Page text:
Herbert Matthews and Goldie Reeder

For the early life of Goldie, see this post.

After Herbert’s mother died, he left home and took various odd jobs in Chicago.  He had a wide variety of jobs (see his autobiography) – traveled on trains, worked for Barnum and Bailey Circus, did odd jobs in Indianapolis, etc.  He worked on a British ship and sailed around the world.  One of his buddies on the ship was Jim Hanna.  After the trip, Jim and Herbert went to Indianapolis where Herbert’s father and step-mother were living.  Jim Hanna met Laurinda (Renie) Hatcher.  She was Goldie’s great aunt (Amanda Cozatt’s sister).  Amanda was Nettie’s mother.  Jim and Renie later married.  Herbert met Goldie at Aunt Renie’s house.

Young Goldie and Herbert Matthews

They were married on January 6,  1916 in Indianapolis.

INDIANAPOLIS NEWS - JAN. 7, 1916, p4.   Marriage License:  Herbert L. Matthews and Goldie Reeder

Newman’s daughter Iva married John Wickliff Denton in Indianapolis on June 1, 1916.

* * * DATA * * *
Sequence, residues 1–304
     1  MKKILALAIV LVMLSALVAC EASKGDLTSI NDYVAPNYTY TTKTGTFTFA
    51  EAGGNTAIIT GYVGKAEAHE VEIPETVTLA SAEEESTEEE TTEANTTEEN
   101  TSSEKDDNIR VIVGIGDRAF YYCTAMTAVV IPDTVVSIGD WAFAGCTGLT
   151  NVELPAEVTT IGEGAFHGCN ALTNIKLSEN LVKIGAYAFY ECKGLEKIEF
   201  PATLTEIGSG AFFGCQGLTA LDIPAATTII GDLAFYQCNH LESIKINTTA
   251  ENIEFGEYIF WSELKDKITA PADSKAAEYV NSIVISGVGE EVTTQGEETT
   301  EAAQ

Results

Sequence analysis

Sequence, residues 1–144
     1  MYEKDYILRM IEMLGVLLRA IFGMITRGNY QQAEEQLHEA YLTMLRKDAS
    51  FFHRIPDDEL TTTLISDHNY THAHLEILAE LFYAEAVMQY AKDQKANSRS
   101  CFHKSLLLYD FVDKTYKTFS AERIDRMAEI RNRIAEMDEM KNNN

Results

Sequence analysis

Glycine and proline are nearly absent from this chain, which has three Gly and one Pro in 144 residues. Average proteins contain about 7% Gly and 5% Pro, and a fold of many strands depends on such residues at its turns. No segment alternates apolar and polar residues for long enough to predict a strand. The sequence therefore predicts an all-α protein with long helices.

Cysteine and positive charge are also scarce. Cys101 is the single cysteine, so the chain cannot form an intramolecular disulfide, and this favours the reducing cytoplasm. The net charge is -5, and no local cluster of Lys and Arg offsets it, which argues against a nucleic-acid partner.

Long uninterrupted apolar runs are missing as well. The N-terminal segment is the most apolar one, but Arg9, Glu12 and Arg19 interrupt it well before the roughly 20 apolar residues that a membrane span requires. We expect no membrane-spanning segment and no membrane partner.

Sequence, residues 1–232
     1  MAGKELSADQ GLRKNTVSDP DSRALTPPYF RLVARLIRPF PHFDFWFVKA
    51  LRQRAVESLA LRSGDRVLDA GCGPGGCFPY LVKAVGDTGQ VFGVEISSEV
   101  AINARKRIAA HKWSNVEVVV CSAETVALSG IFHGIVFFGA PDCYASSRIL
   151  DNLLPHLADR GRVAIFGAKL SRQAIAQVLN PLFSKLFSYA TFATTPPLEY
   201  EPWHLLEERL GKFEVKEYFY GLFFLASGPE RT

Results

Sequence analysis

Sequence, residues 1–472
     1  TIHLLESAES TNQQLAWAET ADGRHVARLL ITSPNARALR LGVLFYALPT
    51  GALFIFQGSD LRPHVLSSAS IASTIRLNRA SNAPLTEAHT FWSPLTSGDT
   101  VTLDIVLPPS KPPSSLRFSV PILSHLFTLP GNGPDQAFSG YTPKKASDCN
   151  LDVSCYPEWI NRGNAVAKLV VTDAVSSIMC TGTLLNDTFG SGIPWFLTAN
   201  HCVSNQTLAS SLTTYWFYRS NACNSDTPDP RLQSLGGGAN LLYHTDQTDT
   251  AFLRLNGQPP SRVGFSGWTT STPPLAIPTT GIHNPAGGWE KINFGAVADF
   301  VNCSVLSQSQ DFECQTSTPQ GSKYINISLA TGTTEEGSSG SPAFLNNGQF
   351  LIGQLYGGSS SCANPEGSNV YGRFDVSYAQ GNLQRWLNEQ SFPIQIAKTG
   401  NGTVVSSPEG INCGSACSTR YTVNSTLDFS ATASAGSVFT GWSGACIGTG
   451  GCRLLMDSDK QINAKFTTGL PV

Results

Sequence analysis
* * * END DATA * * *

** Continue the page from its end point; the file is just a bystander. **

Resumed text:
Herbert had passed the Civil Service examination on Oct. 2, 1915, and was notified by mail on April 12, 1916.  He sent his medical certificate on Oct. 8.  He was appointed as substitute clerk Nov. 25, went to work on Dec. 5 at 5:59 pm at the Indianapolis, getting a his first paychecks on Dec. 18th of $11.78, and Jan. 3, 1917 of $28.10.

He took a leave from there and entered the Navy in October 1917 for service in WW1.

Goldie and Herbert Matthews, as Herbert entered WW I service
Herbert Matthews left the postal service for WW I. The Indianapolis Star, November 14, 1917.

After the war, Herbert went back to the post office but remained in the Naval Reserve.

Their first child, James Douglas, was born at 10:00 am on Friday, February 7, 1919 at their residence at 717 E. 11th Street in Indianapolis.